This is not unlike Trump’s decision to declare an “emergency” that would allow him to defy a Congressional vote. Even if a member of Congress believes the wall should be built, he or she should be appalled by a Presidential action that strikes at the very heart of the Constitution’s separation of powers. It ignores as irrelevant the constitutional provision that vests decisions about spending in Congress, a provision that–before now–has constrained lawmakers and administrators alike.

Congress said no. That should have been the end of it. The President’s “emergency” is not only bogus, it ignores the clear division of authority mandated by the nation’s charter.

Yet every single Indiana Republican Representative voted against the House Resolution to reverse that dangerous attack on a fundamental element of American governance, placing the interests of their political party above both the good of the country and fidelity to their oaths of office.

Without the rule of law–without lawmakers and public officials who are willing to accept the decisions of voters whether they like those decisions or not; without lawmakers who are willing to insist upon compliance with the Constitution even when it is their party that is breaking the rules–we don’t have a democracy or a republic or even a legitimate government.

We have a banana republic.

Speaking of Crazy…..

There have always been paranoid people running around, but when did we start electing so many people who are, as they say, “lightly tethered to reality”?

Case in point: a few days ago, Talking Points Memo reported on a fiasco in Idaho, where a routine bill to bring the state into compliance with federal rules governing child support collections–needed in order to avoid losing $46 million dollars in federal money–failed because conservative legislators said it would have subjected the state to Sharia law.

State Sen. Sheryl Nuxoll, a Republican from the small northern community of Cottonwood, raised the objection during the House Judiciary and Rules Committee hearing. She testified that the federal law Idaho was adjusting to incorporated provisions of an international agreement regarding cross-border recovery of child-support payments, the Hague Convention on International Recovery of Child Support and Family Maintenance.

None of the nearly 80 countries involved in the treaty — which the U.S. entered in 2007 — are under Sharia law. But Nuxoll and other skeptics said their concerns were valid because some nations in treaty informally recognize such courts. They added that the provisions of the deal wouldn’t leave Idaho with the authority to challenge another nation’s judgment, particularly if it were under hard-line Islamic law.

Idaho uses federal programs to process in-state and out-of-state child support payments, and compliance with the federal rules is required in order to continue doing so.  Without access to the federal tools, parents who are owed child-support payments will have no way to get those payments.

Apparently, Senator Nuxoll and her “black helicopter” colleagues consider hungry children a small price to pay for averting the imminent threat of a “Sharia law” which they couldn’t define if their lives depended on it.

Just shoot me now.


Emerging from a Different Kind of Prison?

There are the prisons we all recognize–utilitarian buildings constructed to hold lawbreakers–and then there are prisons of a less recognizable sort: rigid beliefs, the sorts of ideological commitments impervious to evidence.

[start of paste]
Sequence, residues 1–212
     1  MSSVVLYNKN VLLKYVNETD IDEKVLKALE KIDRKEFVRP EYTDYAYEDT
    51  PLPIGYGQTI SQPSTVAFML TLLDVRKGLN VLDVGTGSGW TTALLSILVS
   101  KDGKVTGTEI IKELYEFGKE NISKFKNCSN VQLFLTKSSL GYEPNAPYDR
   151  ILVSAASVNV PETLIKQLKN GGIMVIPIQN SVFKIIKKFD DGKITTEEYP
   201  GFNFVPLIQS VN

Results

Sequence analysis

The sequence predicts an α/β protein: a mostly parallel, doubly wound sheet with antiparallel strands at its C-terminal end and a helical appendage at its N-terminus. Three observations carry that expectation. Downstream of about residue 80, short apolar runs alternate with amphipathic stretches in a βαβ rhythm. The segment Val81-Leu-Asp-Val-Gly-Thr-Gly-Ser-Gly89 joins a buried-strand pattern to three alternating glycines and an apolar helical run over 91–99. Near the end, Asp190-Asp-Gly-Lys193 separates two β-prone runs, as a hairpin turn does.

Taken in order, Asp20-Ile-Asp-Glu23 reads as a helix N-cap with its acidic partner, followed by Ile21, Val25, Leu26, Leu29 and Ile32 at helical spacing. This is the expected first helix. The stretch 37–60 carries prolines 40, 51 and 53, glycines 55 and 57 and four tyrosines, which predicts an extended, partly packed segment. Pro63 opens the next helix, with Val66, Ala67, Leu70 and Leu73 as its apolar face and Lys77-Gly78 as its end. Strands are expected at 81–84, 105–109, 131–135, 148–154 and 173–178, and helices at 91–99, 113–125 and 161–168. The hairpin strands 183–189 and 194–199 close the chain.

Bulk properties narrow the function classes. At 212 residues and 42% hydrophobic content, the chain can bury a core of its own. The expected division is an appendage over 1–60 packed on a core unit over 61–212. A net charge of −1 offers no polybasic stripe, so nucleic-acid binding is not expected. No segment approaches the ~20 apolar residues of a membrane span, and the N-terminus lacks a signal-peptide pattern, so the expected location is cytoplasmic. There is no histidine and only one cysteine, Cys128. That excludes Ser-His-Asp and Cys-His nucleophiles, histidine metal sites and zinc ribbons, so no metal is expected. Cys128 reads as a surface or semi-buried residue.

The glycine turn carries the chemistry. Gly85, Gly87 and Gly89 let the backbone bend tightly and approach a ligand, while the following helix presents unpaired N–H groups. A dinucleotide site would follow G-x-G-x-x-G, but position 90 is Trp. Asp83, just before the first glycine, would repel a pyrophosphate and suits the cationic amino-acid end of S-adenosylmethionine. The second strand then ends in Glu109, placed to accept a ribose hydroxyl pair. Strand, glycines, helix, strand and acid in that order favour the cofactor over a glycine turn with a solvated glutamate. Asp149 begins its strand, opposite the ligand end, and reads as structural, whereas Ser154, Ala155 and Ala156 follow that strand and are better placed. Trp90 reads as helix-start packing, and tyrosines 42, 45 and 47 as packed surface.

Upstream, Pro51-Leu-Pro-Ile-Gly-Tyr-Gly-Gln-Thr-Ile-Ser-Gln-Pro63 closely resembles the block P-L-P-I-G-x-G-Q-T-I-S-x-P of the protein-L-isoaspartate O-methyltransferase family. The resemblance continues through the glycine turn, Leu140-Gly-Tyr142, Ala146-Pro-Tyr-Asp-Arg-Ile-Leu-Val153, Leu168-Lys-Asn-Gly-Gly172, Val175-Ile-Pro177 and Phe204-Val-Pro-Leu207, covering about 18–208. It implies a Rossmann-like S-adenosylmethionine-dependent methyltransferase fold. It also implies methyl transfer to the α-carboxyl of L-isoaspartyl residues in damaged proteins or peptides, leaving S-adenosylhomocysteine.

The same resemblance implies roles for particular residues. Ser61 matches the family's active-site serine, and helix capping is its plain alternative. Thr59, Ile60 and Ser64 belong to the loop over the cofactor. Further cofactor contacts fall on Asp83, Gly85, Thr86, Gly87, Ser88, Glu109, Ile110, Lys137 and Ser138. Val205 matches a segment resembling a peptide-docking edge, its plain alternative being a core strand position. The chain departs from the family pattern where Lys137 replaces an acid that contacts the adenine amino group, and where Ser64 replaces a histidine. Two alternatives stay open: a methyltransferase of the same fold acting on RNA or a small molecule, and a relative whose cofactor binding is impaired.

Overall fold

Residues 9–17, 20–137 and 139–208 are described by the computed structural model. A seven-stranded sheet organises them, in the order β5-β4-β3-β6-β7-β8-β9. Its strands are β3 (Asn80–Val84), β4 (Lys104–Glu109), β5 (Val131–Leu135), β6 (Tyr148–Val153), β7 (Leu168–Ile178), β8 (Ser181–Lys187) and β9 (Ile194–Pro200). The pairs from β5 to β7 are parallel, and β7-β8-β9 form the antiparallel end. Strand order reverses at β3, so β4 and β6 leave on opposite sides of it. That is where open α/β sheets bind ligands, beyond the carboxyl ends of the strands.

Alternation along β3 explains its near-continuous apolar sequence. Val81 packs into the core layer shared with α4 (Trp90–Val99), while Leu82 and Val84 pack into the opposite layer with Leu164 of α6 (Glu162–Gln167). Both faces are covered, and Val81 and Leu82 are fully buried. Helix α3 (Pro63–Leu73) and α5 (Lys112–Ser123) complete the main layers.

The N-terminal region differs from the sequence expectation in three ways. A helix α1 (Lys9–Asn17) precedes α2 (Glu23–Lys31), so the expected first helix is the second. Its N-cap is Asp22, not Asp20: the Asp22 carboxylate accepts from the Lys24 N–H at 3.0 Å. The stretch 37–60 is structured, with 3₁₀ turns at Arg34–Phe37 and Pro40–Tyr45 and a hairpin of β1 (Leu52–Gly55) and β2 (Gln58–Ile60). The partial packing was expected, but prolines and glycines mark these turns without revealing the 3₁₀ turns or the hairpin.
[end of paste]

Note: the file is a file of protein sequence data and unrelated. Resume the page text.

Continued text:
Yesterday’s post referenced the copious academic literature analyzing one such ideological commitment.

As I noted in that post, for the past thirty-odd years, devotion to contracting-out (mis-labeled “privatization”) has been an article of faith with a lot of public managers and political science theorists, not to mention substantial numbers of folks in the business community that have profited from such contracts and the even higher percentage of nonprofit enterprises that have come to depend upon government funding.

This belief in the benefits of privatization has persisted despite significant amounts of research painting a considerably more nuanced picture.

Sometimes, however, reality really does bite. So I was interested in an article from the Idaho Statesman, reporting that the state will resume control of a prison that has been run by CCA, one of the largest private prison companies in the country.

An Associated Press report last year raised questions about how the Nashville, Tenn.,-based company was staffing the prison, and the state’s move is part of a larger debate over whether prison privatization works.

Over the past several decades, contractors have been brought in to run prisons, federal lockups and even county-level jails. The number of inmates housed in the facilities grew from 85,500 in 2000 to more than 128,000 in 2012, according to federal statistics.

Private prison operators have been repeatedly sued, amid allegations of rampant violence, understaffing, gang activity and contract fraud.
The Idaho Statesman article quoted University of North Florida criminal justice professor Michael Hallett, who has written a book on prison privatization. Hallett said the problems in Idaho reflect those seen nationwide.

“A private prison corporation operates just like an old-fashioned HMO, where the less they spend, the more they make,” Hallett said. “ … There’s lots of ways to game the system, through contract violations and even just legal contracts to house easier inmates.”

Idaho’s governor has been a longtime supporter of privatization, but the problems became too obvious for him to ignore. The situation is reminiscent of then-Governor Daniels’ belated admission that Indiana’s costly experiment with welfare privatization was a disaster.

The lesson today and yesterday isn’t that government should never contract out. The lesson is: the decision to contract for public services is more complicated than ideologues want to make it. Sometimes contracting is a good idea; often, it isn’t.

We deserve public managers who can tell the difference.